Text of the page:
In the animated film Over the Moon, a bright young girl, fueled with a passion for science, builds a rocket ship to the moon to prove the existence of a legendary Moon Goddess. There she ends up on an unexpected quest and discovers a whimsical land of fantastical creatures. Over the Moon is a musical adventure about moving forward, embracing the unexpected, and the power of imagination.

The film was directed by the legendary Glen Keane, who has had a long and awarded animation career, in films such as  Beauty and the Beast (1991), Tangled (2010). His first job as a supervising animator was for the bear in The Fox and the Hound, where he collaborated on the climactic finale with John Lasseter. Over the Moon is his directorial debut.

The Imageworks team lead by VFX supervisor, David Smith, who has done both animated and VFX films including several Spiderman live-action films as a digital effects supervisor. The head of character animation was Sacha Kapijimpanga ( Hotel Transylvania and multiple Smurf films).  One of the film’s  key character challenges was the Moon Goddess, Chang’e, as she takes on many different forms with a broad range of performances. From a vulnerable character, of regular human proportions, to a towering  9-foot tall Royal Goddess.

Artists had high expectations for Chang’e going into this project. The team knew that her broad range required both detailed, nuanced performance, and the more pushed expressions of the Diva that she is. Director Keane’s drawings were also an indispensable source of information when it came to defining this character.

Animators could import the many drawings from the review sessions directly into their scenes, to match Keane’s intentions.

Chang’e had five elaborate outfits and four distinct hairstyles. The dresses were designed by the world renowned designer Guo Pei. Guo Pei is a Chinese fashion designer. She is best known for designing dresses for Chinese celebrities, and in America for Rihanna’s trailing yellow gown at the 2015 Met Ball. The dresses were the most complex Imageworks had ever worked with. The models were built with Marvelous Designer using the actual patterns provided by Pei. Marvelous Designer is an accurate and unique 3D modeling program for life-like fabric that also resembles the way real-life garments are both constructed and the way the fabric falls and thus looks.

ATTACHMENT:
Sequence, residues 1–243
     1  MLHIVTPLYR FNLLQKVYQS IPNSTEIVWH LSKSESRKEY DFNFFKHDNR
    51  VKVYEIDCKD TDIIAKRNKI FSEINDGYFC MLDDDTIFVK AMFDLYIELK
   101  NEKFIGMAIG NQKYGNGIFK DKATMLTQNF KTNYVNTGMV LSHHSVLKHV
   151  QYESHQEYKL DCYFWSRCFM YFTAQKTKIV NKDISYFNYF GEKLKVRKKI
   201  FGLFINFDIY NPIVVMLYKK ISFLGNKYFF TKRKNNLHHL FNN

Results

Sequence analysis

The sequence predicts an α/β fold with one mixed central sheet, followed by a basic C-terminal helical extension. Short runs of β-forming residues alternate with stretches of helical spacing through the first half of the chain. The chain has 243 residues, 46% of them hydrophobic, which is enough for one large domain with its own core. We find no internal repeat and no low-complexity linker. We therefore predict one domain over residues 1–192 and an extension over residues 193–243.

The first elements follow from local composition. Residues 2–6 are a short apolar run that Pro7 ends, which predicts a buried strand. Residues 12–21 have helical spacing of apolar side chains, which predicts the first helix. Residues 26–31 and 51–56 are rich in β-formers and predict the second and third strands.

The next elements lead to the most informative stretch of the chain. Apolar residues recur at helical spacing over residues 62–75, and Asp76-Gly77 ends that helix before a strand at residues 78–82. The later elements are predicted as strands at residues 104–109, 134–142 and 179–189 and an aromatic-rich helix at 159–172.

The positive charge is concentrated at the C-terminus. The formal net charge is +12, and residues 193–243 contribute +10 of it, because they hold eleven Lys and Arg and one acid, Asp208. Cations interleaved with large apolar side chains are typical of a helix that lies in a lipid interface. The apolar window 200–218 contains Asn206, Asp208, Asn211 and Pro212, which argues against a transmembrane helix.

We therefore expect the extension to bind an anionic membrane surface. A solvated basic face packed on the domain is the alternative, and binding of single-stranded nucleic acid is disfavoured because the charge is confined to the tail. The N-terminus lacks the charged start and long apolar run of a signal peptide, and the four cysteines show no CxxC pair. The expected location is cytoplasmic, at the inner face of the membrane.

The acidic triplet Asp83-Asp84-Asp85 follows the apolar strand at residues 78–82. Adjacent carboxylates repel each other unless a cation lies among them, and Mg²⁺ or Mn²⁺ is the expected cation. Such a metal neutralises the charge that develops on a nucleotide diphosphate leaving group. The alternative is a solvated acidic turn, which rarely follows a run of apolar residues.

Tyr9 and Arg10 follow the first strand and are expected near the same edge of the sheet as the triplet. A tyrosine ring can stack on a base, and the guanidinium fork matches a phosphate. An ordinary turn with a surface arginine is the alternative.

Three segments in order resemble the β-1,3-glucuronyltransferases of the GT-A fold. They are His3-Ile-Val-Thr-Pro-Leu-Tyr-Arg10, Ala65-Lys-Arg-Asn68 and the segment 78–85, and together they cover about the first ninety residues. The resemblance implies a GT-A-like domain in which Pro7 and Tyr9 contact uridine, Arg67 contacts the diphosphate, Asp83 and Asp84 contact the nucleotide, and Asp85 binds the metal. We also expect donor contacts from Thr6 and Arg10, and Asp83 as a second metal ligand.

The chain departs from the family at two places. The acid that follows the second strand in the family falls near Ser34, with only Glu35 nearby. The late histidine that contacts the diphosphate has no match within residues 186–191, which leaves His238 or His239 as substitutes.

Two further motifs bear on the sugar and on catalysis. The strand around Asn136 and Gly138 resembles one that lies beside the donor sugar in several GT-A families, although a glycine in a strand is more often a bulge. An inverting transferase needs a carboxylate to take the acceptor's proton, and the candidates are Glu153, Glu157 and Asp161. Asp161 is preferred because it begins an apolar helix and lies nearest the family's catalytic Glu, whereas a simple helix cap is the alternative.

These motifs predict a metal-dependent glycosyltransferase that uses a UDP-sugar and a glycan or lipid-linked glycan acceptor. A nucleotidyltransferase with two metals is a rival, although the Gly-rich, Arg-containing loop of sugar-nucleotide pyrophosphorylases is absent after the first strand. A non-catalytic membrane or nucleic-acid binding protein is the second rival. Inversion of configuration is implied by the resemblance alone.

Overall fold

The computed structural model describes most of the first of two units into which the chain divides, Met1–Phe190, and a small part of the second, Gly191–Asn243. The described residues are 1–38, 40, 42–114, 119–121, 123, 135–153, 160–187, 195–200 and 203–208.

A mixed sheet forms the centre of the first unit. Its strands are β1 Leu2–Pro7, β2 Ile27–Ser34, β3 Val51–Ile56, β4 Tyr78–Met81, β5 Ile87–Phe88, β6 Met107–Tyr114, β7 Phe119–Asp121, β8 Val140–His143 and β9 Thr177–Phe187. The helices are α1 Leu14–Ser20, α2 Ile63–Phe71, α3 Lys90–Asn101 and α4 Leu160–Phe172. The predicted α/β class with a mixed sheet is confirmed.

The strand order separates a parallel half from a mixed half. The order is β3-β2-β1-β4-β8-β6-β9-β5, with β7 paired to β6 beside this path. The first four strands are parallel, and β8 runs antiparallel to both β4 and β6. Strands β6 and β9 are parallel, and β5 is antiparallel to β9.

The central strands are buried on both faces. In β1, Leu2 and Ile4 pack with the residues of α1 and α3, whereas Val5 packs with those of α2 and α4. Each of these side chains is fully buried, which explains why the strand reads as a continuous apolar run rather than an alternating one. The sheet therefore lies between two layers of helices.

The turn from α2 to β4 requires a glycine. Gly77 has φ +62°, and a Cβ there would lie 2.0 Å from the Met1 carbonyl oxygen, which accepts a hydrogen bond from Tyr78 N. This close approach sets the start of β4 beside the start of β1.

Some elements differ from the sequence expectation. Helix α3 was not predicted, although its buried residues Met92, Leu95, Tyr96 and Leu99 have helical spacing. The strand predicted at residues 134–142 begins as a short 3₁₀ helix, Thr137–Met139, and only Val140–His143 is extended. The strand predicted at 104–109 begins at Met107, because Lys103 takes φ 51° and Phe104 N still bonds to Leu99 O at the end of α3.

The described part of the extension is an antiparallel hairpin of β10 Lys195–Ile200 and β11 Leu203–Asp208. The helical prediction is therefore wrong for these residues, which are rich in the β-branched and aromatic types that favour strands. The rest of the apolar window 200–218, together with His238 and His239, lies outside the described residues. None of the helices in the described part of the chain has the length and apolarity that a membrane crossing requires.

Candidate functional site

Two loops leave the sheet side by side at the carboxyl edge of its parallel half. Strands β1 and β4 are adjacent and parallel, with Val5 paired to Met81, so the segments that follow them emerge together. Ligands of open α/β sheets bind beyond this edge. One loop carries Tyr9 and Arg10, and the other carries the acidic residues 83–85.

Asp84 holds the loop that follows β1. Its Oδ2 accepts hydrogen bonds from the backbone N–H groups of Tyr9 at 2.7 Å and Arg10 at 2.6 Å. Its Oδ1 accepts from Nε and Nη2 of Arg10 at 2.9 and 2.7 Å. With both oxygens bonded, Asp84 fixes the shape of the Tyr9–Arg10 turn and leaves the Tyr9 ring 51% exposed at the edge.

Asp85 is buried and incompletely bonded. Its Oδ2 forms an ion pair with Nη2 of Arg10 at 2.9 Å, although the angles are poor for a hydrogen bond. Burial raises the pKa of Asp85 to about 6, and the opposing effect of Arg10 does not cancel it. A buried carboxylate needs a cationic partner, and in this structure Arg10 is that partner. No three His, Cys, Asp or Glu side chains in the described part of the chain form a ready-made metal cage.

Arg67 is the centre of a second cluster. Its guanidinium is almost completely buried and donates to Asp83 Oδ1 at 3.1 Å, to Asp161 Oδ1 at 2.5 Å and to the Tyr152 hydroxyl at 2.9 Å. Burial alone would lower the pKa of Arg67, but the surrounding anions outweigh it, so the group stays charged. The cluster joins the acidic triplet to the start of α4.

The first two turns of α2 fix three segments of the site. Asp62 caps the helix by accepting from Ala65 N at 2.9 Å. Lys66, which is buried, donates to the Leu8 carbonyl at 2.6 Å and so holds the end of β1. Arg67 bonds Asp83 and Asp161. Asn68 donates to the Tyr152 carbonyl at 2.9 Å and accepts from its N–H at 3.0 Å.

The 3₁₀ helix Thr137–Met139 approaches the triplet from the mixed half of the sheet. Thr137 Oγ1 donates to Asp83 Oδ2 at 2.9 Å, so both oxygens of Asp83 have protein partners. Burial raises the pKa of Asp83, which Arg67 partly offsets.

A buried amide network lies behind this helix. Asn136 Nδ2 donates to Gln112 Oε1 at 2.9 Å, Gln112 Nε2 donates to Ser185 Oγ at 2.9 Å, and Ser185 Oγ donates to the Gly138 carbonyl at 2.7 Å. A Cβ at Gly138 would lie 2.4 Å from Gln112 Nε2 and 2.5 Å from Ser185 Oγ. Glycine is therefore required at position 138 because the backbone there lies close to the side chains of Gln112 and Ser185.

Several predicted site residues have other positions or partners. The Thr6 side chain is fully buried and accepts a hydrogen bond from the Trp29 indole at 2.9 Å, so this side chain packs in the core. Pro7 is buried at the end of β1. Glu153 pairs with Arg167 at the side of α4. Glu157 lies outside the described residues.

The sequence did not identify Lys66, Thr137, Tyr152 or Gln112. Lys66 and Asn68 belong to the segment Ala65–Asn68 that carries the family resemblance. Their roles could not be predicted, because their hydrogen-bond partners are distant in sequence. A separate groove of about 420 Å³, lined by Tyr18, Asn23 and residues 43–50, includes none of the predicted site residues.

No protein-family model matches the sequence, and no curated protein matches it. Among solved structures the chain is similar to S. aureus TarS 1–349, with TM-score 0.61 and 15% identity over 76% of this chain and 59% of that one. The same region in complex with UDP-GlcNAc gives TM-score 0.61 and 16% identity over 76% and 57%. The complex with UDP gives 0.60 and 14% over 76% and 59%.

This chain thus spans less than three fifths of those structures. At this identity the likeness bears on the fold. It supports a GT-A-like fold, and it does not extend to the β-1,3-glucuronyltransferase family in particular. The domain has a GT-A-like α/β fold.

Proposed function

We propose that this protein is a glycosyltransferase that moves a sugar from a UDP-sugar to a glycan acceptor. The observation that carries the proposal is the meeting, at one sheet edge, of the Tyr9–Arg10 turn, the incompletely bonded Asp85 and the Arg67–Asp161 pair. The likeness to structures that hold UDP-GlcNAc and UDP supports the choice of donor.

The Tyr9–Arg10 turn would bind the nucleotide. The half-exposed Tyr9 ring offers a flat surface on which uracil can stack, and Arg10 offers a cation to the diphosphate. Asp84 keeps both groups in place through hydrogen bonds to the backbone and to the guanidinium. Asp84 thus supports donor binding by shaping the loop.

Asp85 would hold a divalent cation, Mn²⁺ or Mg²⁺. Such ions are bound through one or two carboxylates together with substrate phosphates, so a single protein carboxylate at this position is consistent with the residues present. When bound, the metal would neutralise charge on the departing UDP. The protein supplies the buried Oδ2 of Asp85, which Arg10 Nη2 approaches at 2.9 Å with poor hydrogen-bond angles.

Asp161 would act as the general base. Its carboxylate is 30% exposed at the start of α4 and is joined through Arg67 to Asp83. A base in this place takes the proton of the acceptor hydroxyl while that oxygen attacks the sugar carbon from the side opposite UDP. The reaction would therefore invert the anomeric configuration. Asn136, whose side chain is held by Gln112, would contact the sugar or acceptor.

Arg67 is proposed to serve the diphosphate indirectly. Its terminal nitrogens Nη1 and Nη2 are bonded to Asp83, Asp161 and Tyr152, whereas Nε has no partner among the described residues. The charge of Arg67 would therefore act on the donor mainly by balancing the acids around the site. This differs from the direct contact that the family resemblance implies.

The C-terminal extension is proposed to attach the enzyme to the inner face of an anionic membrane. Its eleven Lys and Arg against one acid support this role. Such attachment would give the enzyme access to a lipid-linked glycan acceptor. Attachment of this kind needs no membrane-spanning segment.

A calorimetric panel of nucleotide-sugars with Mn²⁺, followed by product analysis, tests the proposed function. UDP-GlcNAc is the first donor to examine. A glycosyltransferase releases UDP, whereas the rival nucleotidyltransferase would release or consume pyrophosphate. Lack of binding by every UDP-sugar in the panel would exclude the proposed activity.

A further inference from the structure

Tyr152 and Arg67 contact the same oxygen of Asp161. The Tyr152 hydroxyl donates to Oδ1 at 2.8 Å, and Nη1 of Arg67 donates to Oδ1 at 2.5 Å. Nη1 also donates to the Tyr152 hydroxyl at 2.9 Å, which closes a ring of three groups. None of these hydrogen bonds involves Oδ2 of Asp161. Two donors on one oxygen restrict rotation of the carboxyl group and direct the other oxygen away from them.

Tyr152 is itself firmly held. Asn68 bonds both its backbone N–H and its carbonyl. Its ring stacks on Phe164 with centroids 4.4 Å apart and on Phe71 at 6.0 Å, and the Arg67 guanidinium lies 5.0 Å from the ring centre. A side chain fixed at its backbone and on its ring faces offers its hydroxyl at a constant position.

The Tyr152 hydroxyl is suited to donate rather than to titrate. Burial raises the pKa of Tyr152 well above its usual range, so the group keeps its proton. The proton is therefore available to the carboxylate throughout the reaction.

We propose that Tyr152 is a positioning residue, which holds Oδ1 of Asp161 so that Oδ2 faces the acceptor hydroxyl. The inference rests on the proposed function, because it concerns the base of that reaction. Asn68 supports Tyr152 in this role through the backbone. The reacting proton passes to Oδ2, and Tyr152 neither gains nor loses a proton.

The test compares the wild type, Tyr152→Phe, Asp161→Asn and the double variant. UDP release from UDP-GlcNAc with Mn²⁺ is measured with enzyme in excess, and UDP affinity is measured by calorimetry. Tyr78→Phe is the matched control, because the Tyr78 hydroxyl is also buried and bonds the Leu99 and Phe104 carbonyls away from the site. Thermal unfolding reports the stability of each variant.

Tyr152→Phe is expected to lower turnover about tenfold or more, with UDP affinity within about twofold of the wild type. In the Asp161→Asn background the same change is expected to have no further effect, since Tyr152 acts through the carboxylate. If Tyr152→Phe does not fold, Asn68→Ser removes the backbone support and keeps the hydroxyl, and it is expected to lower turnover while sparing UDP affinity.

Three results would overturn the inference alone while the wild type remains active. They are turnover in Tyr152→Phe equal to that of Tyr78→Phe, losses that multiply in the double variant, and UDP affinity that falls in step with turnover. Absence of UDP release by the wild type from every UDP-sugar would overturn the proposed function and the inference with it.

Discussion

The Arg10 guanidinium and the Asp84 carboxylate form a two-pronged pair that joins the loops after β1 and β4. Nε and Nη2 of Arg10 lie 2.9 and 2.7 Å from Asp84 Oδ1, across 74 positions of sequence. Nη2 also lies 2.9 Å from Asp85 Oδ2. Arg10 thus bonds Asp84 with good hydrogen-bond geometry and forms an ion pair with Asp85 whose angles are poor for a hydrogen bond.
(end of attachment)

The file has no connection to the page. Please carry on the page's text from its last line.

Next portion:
During rigging,  careful attention was devoted to the underlying anatomy. Creating a solid foundation out of believable forms that flowed together accurately, to support the cloth, was crucial on all of the human characters. The target was to see the flowing shapes of a real arm under the cloth once the simulation was completed. With her numerous costume and size changes, the ability to adjust the proportions of her body all while maintaining good underlying structure was critical.

New technology written for Chang’e included Imageworks’ “extractor,” which allowed the groomers to extract control hairs for her hairstyles directly from approved models. For long hair simulations, especially when floating in the chamber of sadness, her hair could be hand positioned with the new “Offsets” tool, and additional breakup could be added to follow specific sketches from the Director.

Lunaria

The city of Lunaria, on the dark side of the moon, was designed to be a tribute to color and whimsy. Each building was meticulously sculpted to have an organic feel and a changing profile as it bobs and turns. Thousands of frames of animation were attached to each building, which an animator could slide or manipulate or choose to create a specific animation to get the correct choreography.

Clara Chan was the CG Supervisor on Over the Moon. Earlier in her career, long before animation, Chan worked as a software engineer at NASA’s Jet Propulsion Lab. Chan earned a B.S. in computer science and a master’s degree in visualization sciences from Texas A & M University. She has worked on so many of Sony Pictures’ most significant films such as Stuart Little 2 (2002), Monster House (2006), The Amazing Spider-Man (2012), Oz the Great and Powerful (2013) and The Emoji Movie (2017).

Lunarians, who live in Lunaria, are composed of semi-solid gummy-like material, full of glowing gases. To craft the desired look, Imageworks developed a procedural character rig between rigging and FX that allowed for dynamic topology changes, custom attributes, and internal volumes for these characters. The animation and FX department also worked together to fill the stadium with 250,000 dancing Lunarians.

 

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